Big League City! 100 Years of Football in JacksonvilleJuly 21, 2014 31 comments Print Article
Big League City! 100 Years of Football in Jacksonville, the new book by Metro Jacksonville member Ken Bowen, chronicles Jacksonville’s unmatched gridiron fervor, from Florida’s first college football game held in the wake of the Great Fire of 1901, to the birth of the Florida-Georgia game and the Gator Bowl Classic, to the numerous professional teams from long-forgotten leagues that have called Jacksonville home, through the new era of Jaguars football currently underway. Years in the making with research drawn from thousands of sources and featuring an exclusive foreword written by Jaguars owner Shad Khan, Big League City! is the most in-depth book ever written on Jacksonville’s football history.
Jacksonville Sharks on defense. Image courtesy of WFL Films.com
The Sharks held their preseason training camp at Stetson University, in Fran Monaco’s hometown of Deland. 114 players attended, at a cost of nearly $250,000 to Monaco. Players were housed in the university’s dorm rooms and fraternity houses and ate three meals a day in the school’s dining hall. Monaco held a press conference at his restaurant, Log Cabin, and hinted that his restaurant partner Dick Butkus might also be interested in investing in the Sharks. “It will be Dick’s personal decision whether he joins us in the future,” Monaco told reporters. “Needless to say, I’d love to have him.” Following the training camp, the final Sharks roster featured an over 40 players with previous professional experience.
Monaco's Sharks – draped in black and silver uniforms inspired by the NFL's Oakland Raiders – opened the 1974 WFL season at home against the New York Stars. 59,112 rabid Jacksonville fans packed the Gator Bowl for the “nationally televised” contest. Gary Davidson calls it one of his favorite moments in league history.
Opening night wasn’t without its problems, however. Shortly after halftime, the stadium's generator caught fire, cutting off power to the field lights for over twenty minutes. Shrouded in darkness, Bud Asher wondered if the outage wasn't a sign of trouble ahead. When the lights came back on, Sharks guard O.Z. White recovered a fumble, leading Jacksonville to a 14-7 a victory in their inaugural game.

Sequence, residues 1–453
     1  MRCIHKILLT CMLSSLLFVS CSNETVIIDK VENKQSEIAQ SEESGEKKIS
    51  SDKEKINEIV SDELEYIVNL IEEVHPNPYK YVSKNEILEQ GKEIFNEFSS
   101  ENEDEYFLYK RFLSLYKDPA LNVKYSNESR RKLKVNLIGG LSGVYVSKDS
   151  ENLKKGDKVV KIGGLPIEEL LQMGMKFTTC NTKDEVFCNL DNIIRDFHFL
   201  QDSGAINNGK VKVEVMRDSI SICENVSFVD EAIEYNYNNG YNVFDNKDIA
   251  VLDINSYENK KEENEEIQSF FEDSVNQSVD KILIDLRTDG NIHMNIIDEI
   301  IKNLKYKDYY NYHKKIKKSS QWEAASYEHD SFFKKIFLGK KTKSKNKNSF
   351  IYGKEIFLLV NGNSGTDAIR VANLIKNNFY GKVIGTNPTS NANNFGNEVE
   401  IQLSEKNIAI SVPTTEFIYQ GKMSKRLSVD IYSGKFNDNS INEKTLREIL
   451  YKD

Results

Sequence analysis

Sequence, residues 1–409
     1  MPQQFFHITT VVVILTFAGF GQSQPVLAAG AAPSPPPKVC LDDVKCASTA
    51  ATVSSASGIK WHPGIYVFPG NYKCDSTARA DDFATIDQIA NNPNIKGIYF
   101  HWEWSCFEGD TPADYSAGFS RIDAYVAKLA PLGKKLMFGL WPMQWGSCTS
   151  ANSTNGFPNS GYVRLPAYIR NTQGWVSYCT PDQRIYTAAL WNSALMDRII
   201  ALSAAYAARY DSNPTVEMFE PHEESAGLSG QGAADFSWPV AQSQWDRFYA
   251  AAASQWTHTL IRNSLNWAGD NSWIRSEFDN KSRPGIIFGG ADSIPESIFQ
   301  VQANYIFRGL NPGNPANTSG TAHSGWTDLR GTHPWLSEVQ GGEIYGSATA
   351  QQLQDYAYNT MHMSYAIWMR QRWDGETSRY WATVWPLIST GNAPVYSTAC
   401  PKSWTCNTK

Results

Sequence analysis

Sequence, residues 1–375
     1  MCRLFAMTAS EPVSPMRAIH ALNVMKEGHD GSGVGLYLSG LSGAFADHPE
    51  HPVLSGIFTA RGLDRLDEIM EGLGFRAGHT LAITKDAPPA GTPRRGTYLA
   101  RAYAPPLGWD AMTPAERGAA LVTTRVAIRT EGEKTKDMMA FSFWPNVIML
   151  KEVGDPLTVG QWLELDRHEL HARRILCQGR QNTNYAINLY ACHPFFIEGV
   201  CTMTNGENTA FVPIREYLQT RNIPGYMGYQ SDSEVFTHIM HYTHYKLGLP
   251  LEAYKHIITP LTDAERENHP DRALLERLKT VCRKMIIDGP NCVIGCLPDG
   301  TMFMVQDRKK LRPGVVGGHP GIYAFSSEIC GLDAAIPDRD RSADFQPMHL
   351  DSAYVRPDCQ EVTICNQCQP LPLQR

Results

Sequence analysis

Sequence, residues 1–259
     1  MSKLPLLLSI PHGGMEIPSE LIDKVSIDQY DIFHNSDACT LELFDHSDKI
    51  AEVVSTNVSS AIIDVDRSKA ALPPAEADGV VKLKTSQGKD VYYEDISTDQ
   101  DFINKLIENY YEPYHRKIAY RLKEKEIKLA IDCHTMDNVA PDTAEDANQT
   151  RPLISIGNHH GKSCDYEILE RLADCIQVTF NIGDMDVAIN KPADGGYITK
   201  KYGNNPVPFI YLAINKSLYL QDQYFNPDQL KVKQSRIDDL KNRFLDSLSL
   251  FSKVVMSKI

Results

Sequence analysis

Waving the WFL's signature gold and orange ball above his head, Sharks linebacker Rich Thomann soaked in the cheers from the massive Gator Bowl crowd, shouting, “I don't think Notre Dame has a greater spirit than the Jacksonville Sharks!”
The team drew another massive crowd of 46,780 for their second home game, a contest that featured an omen ever more unsettling than the blackout. Early in the third quarter, a thunderous boom sounded outside the stadium. Mid-play, a cargo ship anchored in the St. Johns River had exploded into flames. Fans flocked to the top of the stadium to watch firefighters battle the blaze as the Sharks fought a losing battle against the Southern California Sun down below on the field.
Though losses would continue to pile up as the season progressed, local support for the franchise continued to be impressive. Former Jacksonville Sharks running back Tommy Durrance remembers, “We had 30,000 or 40,000 fans a game; they really enjoyed the team and the players. The town didn't have any professional sports teams, and when the WFL came to town the fans went wild.”
One of the most memorable, if not surreal, moments in franchise history came on August 9, 1974, when the Sharks hosted the Hawaiians at the Gator Bowl. 43,869 fans flocked to the stadium in hopes of seeing the 1-3 Sharks pick up an important home win. When it came time for the game to begin, instead of the customary kickoff music, the Gator Bowl’s audio switched to a breaking news report from Washington. Over 40,000 stunned Jacksonville fans listened in silence over tinny stadium speakers as President Richard Nixon announced to the nation that he would be resigning his post as President. Slowly, the crowd erupted into applause. A photo of Jacksonville Sharks cheerleaders weeping in the aftermath of Nixon’s resignation made the national news wire and appeared in dozens of newspapers across the country the next day.